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"If a fellow isn't thankful for what he's got, he isn't likely to be thankful for what he's going to get."
– Frank A. Clark  
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  Volume No. 15 Issue No. 11 November 2018  

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Bill Radford

  D 49 teacher has plenty in common with students
  By Bill Radford

   Teacher Eric Lustig can easily relate to the students at District 49's Patriot High School, an alternative school focused on at-risk students.
   
   "I am an alternative high school graduate myself," he said. He initially attended Doherty High School in Colorado Springs, but usually he didn't bother to show up, "which is why they showed me the door,” Lustig said. He eventually graduated from Palmer Night School, which he calls "a life-changing opportunity."
   
   That background is one he shares with students.
   
   "I do feel it's important to be honest about who I am and who I was," he said. While he doesn’t strive to be friends with his students, he said, ”I do understand the importance of a teacher-student relationship." He said he is candid with students about his struggles as a teen, about being expelled from high school, about the drug addiction that gripped him when he was their age.
   
   "When I have kids coming to me crying and on the verge of a breakdown because they didn't pass all their classes and they have to come back and be a senior again, I can tell them I did the same thing," Lustig said.
   
   That openness, though, doesn't mean he is a pushover as a teacher.
   
   Lustig runs the culinary arts program at Patriot. ”I'm hard-nosed,” he said. “I have very, very high expectations. When I'm not satisfied, the students know."
   
   Lustig took an indirect route to teaching. He was born in Indiana and lived in Michigan before moving to Colorado –- he said he wanted to be everything from a firefighter to a doctor. After graduating from Palmer, he headed off to San Diego with $90 in his pocket and no career goal in mind.
   
   He did know, however, that he needed "a complete life change" to straighten himself out. In the Springs, he said, "I was really surrounded by the wrong crowd." He also knew that, as a drummer, he wanted to explore the music scene in San Diego. He ended up playing in several bands there, most notably “Surf Report.” Recordings with the latter band still bring him royalties.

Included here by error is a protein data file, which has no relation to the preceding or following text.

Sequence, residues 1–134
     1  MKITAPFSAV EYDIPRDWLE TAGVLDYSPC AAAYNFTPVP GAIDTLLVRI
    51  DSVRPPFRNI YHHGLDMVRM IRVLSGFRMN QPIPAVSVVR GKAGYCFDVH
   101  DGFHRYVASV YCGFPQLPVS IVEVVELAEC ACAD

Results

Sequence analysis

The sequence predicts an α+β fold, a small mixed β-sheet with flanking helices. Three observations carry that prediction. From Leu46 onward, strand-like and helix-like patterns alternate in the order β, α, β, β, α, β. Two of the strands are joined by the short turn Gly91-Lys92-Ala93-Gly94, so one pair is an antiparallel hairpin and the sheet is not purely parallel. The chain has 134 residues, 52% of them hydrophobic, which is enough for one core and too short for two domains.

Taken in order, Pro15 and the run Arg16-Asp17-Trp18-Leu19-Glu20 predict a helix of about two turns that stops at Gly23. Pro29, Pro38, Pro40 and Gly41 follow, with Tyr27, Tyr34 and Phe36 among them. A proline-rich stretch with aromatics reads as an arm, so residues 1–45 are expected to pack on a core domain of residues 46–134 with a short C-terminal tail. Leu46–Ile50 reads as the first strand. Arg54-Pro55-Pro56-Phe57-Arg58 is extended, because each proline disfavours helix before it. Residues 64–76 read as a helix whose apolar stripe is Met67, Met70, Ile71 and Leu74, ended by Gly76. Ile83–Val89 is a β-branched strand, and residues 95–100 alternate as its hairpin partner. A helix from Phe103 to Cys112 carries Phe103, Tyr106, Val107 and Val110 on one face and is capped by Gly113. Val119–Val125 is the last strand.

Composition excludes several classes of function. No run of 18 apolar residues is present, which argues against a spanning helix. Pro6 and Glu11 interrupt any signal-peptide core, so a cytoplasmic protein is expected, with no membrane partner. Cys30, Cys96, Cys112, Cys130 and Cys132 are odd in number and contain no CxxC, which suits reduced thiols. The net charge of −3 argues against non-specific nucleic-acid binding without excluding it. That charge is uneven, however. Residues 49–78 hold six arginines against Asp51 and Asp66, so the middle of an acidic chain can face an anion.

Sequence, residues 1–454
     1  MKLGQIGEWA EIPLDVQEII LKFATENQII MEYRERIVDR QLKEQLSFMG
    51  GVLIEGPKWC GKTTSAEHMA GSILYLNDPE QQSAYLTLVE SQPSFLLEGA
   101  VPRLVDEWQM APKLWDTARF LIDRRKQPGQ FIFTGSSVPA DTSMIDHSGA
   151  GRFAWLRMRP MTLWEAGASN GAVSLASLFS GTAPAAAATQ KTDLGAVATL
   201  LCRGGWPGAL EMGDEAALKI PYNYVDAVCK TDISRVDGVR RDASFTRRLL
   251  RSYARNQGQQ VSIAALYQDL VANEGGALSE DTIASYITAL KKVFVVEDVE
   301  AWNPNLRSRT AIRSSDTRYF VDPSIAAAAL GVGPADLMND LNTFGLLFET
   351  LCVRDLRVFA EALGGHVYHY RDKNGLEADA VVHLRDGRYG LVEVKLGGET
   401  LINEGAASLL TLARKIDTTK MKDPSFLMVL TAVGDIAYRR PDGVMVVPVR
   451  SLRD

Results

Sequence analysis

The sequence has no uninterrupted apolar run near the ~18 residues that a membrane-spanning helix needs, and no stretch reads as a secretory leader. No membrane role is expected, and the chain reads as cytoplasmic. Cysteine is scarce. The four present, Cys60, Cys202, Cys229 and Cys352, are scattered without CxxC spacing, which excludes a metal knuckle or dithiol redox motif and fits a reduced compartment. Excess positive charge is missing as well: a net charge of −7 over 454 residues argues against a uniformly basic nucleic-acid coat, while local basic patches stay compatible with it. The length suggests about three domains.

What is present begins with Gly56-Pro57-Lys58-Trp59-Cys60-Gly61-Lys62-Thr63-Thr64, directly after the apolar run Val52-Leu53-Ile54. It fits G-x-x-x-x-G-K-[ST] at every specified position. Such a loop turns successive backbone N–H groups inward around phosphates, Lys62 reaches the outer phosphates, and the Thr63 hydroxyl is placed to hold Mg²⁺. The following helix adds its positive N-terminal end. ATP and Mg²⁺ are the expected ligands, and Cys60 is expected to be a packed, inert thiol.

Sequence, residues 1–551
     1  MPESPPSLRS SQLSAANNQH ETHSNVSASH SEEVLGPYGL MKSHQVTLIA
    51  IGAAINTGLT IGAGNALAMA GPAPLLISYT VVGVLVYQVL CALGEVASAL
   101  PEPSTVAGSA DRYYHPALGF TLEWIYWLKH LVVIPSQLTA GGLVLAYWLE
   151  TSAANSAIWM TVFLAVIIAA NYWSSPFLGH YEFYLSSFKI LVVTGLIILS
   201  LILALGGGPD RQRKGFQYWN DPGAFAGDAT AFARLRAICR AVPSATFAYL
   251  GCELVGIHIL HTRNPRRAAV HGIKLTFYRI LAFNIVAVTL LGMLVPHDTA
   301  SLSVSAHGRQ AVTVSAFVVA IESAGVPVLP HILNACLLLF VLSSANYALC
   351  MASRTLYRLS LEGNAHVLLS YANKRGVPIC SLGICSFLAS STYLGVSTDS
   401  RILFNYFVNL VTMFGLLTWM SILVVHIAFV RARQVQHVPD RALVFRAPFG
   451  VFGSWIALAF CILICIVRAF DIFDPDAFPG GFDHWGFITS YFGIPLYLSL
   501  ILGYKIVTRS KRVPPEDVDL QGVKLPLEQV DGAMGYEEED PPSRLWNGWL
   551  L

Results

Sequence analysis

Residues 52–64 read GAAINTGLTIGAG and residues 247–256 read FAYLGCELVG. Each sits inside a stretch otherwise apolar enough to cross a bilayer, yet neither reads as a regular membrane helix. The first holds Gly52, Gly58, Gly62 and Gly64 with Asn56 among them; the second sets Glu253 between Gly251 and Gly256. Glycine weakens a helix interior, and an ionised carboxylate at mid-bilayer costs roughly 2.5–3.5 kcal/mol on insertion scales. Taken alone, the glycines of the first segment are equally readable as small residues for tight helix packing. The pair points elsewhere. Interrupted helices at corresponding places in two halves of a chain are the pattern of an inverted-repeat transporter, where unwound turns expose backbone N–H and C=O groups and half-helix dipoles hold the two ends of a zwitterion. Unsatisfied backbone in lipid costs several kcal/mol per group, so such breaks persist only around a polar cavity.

In touring, he played with a lot of big names. Lustig said, ”When I speak with younger people, I tell them I played with Korn and Blink 182, and they go 'no way!' With an older crowd, I mention names like Dick Dale (known as the king of the surf guitar) and Link Wray."
   
   His first day job in San Diego was in a restaurant –- experience that would pay off in his current job. He tackled a few other jobs as well before taking a custodial position in public schools. By then, he had earned his bachelor's degree in business, a process that took eight years because he dropped out several times.
   
   It was while working as a custodian that Lustig became interested in education. Teachers and students both liked him and encouraged him to go into teaching. "I thought they were all crazy for a while, until I realized maybe that was my niche,” he said.
   
   Lustig earned a Master of Arts in secondary education and teaching and taught math for five years at Garfield High School, an alternative school serving San Diego. He also met his wife, Holly, in San Diego. She was a teacher as well, and they decided that San Diego was too costly a city to live in for two people on teachers' salaries. They decided to move to Colorado, where Eric still had family. Holly would end up having family here, too, as her mother, sister and brother-in-law all decided it was time to leave California as well. "It was kind of an exodus of the whole family to Colorado," Lustig said.
   
   Eric and Holly Lustig found a home in Meridian Ranch in Falcon. They have a daughter, age 12, who attends Falcon Middle School, and Holly Lustig is a special-ed teacher at Meridian Ranch Elementary School. Eric Lustig taught math at Sand Creek High School for two years and has taught at Patriot, originally Patriot Learning Center, since it opened a decade ago. Initially, he taught math at Patriot.
   
   This fall will be his third school year running the culinary arts program at Patriot. But he still teaches math because that is part of the culinary instruction. "We don't get a lot of math nerds here," Lustig said, but the culinary students find practical reasons to learn math skills. "The kids don't ask when they'll need it," he said. "Sometimes we used it yesterday and now they're actually learning about it today."
   
   He said the culinary arts program "is open to anybody who wants to come here. You don't have to be a student at Patriot, or even a student from D 49." He said he is excited about the new kitchen the students will have to work in this school year, part of a school renovation project completed over the summer.
   
   Financial literacy is also part of the curriculum. "One of my philosophies is I don't care how good you are or how skilled you are in your craft, if you don't have some financial literacy you're going to have problems."
  
Eric Lustig has taught at Patriot High School, originally Patriot Learning Center, since it opened. He runs the culinary arts program. Photo by Bill Radford
 
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